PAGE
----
The key to successful swimming is learning to float
- Promotes a streamlined position
- Promotes efficiency
- Establishes a good leg kick
- Essential for water safety
Learn to swim –
It’s always best to start with firm foundations. I’ve seen many a weak swimmer scramble from one side of the pool to the other thrashing their heads from side to side in an attempt to imitate the breathing technique.
So, what’s going wrong?
Floating holds the key.
Learners need to learn how to float.
Floating in the water can happen in many shapes and orientations including front, back and mushroom. A learner who is floating in the water unaided is relaxed and water buoyant.
Use of buoyancy aids.
Learners can gain confidence with floating with use of buoyancy aids initially. On fronts, learners need to practice placing the face in the water whilst floating. Imagine your body is a seesaw if your head is out of the water your feet will drop and create drag. Learning to submerge the face can be done gradually. Firstly, putting chin on the water surface and blowing bubbles, next submerging nose until eventually the whole face becomes submerged.
Once submerging the face in water try floating forwards in different shapes for example
The trick is to push the tummy up towards the ceiling whilst placing chin on the chest. Parents, it’s a good idea to stand behind your child whilst performing a backward float as this encourages the learner to look at the ceiling and not at the floor.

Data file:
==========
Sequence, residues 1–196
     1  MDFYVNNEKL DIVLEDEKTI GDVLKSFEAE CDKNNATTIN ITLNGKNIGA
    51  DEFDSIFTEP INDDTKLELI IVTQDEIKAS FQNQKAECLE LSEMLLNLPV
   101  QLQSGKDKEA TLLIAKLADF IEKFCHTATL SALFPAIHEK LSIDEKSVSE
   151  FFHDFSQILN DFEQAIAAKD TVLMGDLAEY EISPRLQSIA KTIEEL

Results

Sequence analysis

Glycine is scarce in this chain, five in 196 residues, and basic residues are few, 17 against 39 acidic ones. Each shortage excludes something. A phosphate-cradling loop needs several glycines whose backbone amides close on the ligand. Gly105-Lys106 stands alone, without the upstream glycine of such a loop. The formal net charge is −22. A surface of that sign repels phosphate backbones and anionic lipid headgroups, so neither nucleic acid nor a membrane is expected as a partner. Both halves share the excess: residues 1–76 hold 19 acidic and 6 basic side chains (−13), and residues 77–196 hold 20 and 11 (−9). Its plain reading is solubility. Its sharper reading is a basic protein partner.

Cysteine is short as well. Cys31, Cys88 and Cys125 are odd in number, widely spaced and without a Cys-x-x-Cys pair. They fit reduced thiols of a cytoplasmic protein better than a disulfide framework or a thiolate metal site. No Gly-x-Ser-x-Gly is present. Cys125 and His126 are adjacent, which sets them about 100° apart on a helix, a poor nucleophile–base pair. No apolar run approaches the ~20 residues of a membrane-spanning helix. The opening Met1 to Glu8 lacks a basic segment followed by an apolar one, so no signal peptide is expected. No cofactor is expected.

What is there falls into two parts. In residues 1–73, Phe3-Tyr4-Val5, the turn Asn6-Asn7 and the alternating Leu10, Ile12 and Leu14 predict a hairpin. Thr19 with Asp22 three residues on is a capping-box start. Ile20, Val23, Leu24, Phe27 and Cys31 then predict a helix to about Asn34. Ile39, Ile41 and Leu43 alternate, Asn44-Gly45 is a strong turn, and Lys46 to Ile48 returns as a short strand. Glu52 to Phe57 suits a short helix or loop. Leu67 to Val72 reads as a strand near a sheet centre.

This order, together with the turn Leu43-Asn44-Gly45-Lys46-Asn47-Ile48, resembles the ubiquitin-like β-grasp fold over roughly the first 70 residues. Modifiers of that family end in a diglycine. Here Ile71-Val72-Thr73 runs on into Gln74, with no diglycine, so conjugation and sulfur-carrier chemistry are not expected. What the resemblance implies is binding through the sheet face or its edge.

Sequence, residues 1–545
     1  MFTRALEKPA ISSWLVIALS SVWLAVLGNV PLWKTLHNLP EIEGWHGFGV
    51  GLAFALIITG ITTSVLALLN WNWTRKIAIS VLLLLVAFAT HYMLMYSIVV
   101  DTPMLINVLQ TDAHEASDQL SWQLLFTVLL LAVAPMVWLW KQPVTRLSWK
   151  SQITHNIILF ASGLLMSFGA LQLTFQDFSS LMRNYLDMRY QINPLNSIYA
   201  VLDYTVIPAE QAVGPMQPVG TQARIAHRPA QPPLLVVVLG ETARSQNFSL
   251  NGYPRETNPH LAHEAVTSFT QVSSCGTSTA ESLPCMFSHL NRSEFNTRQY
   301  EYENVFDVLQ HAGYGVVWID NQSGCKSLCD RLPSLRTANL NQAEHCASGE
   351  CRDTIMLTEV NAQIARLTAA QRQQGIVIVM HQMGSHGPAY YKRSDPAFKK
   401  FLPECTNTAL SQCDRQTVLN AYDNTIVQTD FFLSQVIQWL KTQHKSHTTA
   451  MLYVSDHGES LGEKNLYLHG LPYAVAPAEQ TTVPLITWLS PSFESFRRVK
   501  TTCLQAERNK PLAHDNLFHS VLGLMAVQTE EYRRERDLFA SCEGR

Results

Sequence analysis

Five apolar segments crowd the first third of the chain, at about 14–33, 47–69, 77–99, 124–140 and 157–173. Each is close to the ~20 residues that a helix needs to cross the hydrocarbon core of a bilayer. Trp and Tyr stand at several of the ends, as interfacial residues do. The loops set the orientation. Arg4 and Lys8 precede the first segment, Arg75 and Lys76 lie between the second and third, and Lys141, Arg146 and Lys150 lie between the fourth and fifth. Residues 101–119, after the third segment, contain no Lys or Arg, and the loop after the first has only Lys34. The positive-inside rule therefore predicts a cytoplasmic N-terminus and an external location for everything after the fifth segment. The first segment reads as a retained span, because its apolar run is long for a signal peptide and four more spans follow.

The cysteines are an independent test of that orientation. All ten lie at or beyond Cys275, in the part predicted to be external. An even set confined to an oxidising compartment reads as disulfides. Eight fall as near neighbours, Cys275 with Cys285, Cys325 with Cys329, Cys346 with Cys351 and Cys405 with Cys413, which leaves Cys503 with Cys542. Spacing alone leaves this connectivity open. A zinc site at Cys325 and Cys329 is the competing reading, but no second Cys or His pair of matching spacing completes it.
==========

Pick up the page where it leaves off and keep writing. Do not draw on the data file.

Feeling out of control?
Taller learners can feel nervous about regaining standing position after floating on the back. The correct technique to regain standing position is to bring knees up to chest and lift head forward. This technique will help gravity pull the learners feet to the floor. Once again different shapes can be performed on the back. Can learners do a backwards mushroom float?
Make it fun.
Now the learner is getting the hang of it make it fun with some games for example –
Counting how long the learner can float?
Calling out a shape for learners to make.
Doing a sequence of shapes.
Our bespoke learn to swim syllabus is designed with a focus on floating outcomes for the first couple of stages. As a result our learners become very efficient swimmers!
Thank you for taking the time to read and we hope that you will join us soon. If your interested in finding out more information please fill in our contact form above and we will be happy to answer any questions.
Liverpool Swimming Academy